Monday, 30 March 2009

food for free

I've been out and about foraging these last few weeks - although we're only just coming into spring, our hedgerows are abundant with fresh foliage. Salads of sorrel, pennywort and the garlicky tips of three-cornered leeks are regularly on the menu, along with alexanders risotto, (first sampled on the Fat Hen foraging weekend) which is fast becoming a staple around here.

There are also new nettle shoots everywhere - the fresh growth makes a wonderful vibrant and earthy soup.


I use the bulbs of three-cornered leek (chopped) as a base, instead of onions, sauteeing them gently in olive oil with a knob of butter. Add diced potato and light stock, bring to the boil and simmer for about fifteen minutes, until the potato is soft. Take off the heat, leave for a couple of minutes, then add the roughly-chopped nettles. Leave to wilt for five minutes, then blend. Season to taste, finishing with some fresh grated nutmeg.


I like mine served with a drizzle of oil. You could add cream instead to make it a bit richer.

I love it - it feels quite virtuous, is velvety smooth and quite delicious!

If you're interested in foraging, check out Fat Hen for foraging and feasting weekends. There's a great newsletter you can sign up for too.

18 comments:

Cottage Smallholder said...

This sounds delicious. I can't wait to try the nettle soup. Thank you.

Pipany said...

Yes Diana, but I was thinking we'll have to go for a walk with Walter and you could show me instead! I know some of the plants - sorrel is a huge favourite of our and nettles are yum too - but don't know three-cornered leek for example. Hmm, then there is Mylor Woods for a woodland forage in the autumn... Have a lovely day very lovely lady xx

sweetmyrtle said...

scrumptious!
x

Ali said...

Aren't they meant to be packed full of iron? Perhaps I need nettle soup as a chocolate substitute...

Gina said...

I have lots of nettle in my garden - I think I'll have to give this a try. It sounds delicious.

Simone said...

The soup looks delicious. I have never heard of three cornered leek!!!

willow said...

This soup sounds lovely. I tried steaming nettles as an alternative to spinach but didn't really like the texture, soup sounds a much better idea.

kristina said...

Oh Diana, I'm so envious just thinking about the sorrel and the alexanders risotto! But we do have a few nettles round the allotments... K x

The Gossamer Woman said...

It sounds delicious, but I would worry about picking plants out of the wild. For one thing, I don't know if a dog weed on one and for another, I can't tell one plant from another here in the Netherlands and would probably end up poisoning myself. I think it is also disallowed here to pick any plants in the wild.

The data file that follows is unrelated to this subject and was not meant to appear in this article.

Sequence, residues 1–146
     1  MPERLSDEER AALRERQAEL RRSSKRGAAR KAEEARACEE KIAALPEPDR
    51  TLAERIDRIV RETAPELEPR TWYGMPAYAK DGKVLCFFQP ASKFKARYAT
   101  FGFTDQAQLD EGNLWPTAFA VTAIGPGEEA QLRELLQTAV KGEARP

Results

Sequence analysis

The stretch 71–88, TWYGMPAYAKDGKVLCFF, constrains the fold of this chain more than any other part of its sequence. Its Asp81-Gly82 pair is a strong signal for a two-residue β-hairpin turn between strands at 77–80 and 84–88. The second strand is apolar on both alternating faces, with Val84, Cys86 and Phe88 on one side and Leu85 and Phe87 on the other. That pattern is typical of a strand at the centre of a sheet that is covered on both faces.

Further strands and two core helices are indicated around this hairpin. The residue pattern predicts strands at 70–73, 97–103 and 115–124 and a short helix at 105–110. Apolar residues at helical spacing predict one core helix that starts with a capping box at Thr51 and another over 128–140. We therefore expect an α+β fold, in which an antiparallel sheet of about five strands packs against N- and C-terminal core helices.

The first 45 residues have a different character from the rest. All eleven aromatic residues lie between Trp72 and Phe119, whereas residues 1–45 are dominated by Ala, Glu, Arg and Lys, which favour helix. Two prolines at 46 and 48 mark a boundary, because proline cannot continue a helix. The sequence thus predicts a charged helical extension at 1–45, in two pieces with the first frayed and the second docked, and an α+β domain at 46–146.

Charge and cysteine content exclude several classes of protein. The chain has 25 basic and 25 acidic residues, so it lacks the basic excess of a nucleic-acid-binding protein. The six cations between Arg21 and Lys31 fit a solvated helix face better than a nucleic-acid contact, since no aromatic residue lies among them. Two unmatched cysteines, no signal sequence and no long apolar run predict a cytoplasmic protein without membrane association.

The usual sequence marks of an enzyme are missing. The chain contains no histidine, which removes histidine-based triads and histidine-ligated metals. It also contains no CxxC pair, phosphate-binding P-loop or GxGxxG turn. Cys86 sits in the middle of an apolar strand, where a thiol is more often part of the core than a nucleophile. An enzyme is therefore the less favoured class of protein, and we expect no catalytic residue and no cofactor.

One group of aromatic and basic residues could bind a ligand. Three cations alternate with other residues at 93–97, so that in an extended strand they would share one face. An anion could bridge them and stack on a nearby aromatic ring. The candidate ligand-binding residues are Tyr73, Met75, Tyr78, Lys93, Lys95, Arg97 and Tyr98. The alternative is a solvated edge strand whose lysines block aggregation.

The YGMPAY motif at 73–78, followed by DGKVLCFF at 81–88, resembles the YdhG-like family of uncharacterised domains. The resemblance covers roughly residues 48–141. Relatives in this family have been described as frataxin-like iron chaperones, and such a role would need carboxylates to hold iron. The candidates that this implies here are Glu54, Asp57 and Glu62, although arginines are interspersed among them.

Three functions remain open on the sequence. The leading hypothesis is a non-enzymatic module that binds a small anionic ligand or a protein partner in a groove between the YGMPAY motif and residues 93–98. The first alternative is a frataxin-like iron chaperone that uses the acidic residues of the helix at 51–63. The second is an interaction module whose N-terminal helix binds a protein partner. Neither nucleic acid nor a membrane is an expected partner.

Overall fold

Julia said...

I love the sound of all your foraged-for ingredients! How wonderful, and your soup looks sublime! :)

Enjoy your week
Love Julia xxx

Diane said...

I love foraging - I'm on the look out arounf here for a "guided" Foraging walk. I can identify many things because I used to spend lots of time with my grandparents who always used foodstuff from the hedgerows and fields, but I still have lots more to learn. Ive never eaten nettles though, so I'm going to try your soup, and also the nettle beer that HFW did on his program recently. I'll let you know how it turns out. xxx

JuliaB said...

oooh! I like nettle tea, so I guess the soup is similar? xx

lou said...

What an interesting post, the soup looks so delicious!

The hug was gratefully received…love Lou xxx

P.S I can’t wait to find out more about foraging!

Jacoline (Lien) said...

DELICIOUS !!! And also without meat Great!

silverpebble said...

Wow, many thanks for the links for identification - I don't think I'm too bad at spotting alexanders now. We also have garlic mustard or 'jack by the hedge' around here. It's a brassica I think, but has that lovely subtle garlicky flavour. Have you used it? I also have hairy bittercress growing round the garden. I get really a bit overexcited about food for free!

silverpebble said...

Oh, by the way MANY thanks for the recipe - I'll be trying it this week. Emma x

Stitching At Stone Cottage said...

please could you describe to me what a 3 cornered leek looks like..i have not heard of them, but would love to try the nettle soup receipe. i wonder if we call them something different..

Rebecca said...

Wow! That sounds wonderful!! We've got lots of nettles starting to emerge amongst the hedges on the farm, so I will try out your recipe next weekend!!